On Tuesday  21st October we had the first of two poetry workshops sponsored by the Community Arts Partnership (CAP) and facilitated by Martelle McPartland of Lough Neagh Writers.

The aim of the workshops is to get as many people as possible to write a poem on the overall theme of ‘MEMORY’. The first session is designed to get the participants thinking about memory and the second session to have our poem critiqued and honed with the help of the group. We can then go forward to a one day workshop which will include groups from all over Northern Ireland and for the resultant poems to be submitted for consideration for the Annual Anthology produced by CAP.

Martelle started the session by asking a question:                                                                                                                             “what is the most important thing about poetry?”                                                                                                                                  She suggested ‘be honest’ as one answer.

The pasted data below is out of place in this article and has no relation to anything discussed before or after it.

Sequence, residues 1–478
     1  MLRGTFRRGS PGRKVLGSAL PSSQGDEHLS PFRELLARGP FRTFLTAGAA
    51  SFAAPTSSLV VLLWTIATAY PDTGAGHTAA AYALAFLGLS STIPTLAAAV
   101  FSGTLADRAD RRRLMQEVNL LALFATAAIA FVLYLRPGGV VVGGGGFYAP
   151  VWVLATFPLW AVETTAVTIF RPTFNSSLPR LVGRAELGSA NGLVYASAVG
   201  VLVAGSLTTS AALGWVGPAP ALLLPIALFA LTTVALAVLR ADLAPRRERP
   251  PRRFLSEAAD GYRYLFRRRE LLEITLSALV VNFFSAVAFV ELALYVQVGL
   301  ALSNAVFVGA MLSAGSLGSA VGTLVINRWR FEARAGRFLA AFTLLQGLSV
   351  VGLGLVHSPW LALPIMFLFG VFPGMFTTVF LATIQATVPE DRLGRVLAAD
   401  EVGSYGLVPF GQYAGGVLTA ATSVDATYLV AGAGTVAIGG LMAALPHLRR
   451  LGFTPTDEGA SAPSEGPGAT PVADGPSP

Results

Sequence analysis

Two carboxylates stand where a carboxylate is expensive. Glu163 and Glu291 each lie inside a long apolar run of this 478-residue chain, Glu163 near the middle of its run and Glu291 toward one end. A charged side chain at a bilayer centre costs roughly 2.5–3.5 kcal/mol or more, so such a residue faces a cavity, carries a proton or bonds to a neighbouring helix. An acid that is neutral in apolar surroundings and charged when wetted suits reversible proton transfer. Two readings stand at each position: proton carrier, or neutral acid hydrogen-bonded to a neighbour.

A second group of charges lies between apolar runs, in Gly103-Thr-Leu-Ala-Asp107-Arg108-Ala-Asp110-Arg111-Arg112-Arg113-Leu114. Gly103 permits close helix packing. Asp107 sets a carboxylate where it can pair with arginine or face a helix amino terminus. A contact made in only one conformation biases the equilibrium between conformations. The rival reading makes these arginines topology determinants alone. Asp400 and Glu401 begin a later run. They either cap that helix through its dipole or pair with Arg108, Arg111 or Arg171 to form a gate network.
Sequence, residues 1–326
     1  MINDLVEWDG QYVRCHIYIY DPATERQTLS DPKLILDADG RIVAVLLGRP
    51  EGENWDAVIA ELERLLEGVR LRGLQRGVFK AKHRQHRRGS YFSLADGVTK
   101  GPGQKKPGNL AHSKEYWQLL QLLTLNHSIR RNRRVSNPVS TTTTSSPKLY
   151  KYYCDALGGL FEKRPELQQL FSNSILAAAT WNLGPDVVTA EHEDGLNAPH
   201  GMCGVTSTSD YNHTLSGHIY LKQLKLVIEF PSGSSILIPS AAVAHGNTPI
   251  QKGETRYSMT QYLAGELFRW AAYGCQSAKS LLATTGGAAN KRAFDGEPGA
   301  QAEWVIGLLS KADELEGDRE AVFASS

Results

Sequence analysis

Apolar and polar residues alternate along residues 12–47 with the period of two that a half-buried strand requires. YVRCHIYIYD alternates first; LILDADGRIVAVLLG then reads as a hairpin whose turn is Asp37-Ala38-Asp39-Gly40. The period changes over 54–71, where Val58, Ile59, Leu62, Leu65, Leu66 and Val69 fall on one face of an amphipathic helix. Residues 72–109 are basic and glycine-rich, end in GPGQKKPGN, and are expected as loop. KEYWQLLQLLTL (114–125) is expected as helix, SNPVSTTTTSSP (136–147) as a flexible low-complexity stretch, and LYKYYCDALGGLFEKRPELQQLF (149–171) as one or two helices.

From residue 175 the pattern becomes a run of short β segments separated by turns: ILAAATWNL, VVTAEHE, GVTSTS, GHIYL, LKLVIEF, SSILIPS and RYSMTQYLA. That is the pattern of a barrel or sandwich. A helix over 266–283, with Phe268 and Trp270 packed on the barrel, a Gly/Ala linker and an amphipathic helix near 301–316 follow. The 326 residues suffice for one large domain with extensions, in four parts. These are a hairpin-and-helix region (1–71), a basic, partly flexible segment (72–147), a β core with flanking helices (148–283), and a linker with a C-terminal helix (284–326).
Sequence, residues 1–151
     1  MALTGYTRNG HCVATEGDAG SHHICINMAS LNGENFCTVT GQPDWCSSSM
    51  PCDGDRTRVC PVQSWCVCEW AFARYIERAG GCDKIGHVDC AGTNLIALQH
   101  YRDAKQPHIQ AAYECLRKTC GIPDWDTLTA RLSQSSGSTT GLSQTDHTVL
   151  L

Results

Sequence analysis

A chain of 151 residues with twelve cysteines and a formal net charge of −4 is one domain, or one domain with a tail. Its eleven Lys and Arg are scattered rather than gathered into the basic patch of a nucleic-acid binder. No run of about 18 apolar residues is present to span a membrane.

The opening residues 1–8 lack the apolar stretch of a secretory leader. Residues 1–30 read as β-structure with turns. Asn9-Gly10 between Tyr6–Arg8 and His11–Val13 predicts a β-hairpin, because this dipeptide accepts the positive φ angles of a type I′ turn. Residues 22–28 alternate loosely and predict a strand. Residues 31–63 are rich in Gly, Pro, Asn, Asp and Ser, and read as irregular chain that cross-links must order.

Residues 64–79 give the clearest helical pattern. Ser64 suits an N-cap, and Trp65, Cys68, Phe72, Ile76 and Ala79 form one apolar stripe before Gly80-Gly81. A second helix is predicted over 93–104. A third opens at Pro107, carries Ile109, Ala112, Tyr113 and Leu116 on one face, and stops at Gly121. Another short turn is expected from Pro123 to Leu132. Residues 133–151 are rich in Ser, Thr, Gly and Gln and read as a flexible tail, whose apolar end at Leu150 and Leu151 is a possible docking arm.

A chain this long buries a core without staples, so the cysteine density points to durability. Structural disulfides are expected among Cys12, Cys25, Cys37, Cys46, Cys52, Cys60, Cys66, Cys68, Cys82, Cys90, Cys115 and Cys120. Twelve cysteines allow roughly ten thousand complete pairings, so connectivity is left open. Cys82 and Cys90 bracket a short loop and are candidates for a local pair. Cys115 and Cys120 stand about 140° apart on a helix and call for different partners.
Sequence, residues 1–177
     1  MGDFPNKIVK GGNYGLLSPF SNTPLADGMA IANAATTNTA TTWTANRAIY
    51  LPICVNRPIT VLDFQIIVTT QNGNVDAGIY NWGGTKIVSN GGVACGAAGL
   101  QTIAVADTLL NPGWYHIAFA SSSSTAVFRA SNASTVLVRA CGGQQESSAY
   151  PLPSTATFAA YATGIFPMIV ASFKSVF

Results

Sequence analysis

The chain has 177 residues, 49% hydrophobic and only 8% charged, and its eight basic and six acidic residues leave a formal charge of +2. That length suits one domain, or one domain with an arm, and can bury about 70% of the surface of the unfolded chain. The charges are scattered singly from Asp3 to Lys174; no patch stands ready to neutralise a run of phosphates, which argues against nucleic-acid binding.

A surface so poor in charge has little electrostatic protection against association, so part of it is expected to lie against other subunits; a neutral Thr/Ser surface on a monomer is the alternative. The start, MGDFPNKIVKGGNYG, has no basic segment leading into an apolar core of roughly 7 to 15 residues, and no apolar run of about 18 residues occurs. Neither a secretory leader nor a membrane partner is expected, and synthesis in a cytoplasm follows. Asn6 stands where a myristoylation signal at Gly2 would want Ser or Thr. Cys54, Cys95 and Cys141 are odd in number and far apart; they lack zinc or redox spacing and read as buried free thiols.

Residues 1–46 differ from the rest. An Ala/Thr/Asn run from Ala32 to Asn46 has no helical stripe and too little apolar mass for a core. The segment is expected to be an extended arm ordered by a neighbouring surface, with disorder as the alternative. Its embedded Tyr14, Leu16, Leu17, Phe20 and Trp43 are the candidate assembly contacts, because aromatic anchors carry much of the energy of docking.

She said that because sound is one of the most powerful aids to memory she would use sound as the springboard for our work. She then played us four sounds, separately, and after listening to each one we had ten minutes to write whatever came to mind from hearing that particular sound.

Martelle then asked each of us to read what we’d written. There were as many different reactions to each sound as there were people in the room.

The four sounds were:

1)    A Ticking Clock:

2)    Echoing Footsteps:

3)    Wind:

4)    A Crowd Cheering.

The session finished with Martelle asking us to choose one of the pieces we had produced on the night, to perfect it as much as we could, and to bring 20 hard copies on Tuesday night 28th October so that each person at the session would have a copy for more efficient comment and critique. She stressed that we should avoid the use of “I remember” and instead use the words of the poem to evoke the memory in the reader/listener.

I will be fascinated to discover what we have produced from a very stimulating session.

John Monaghan.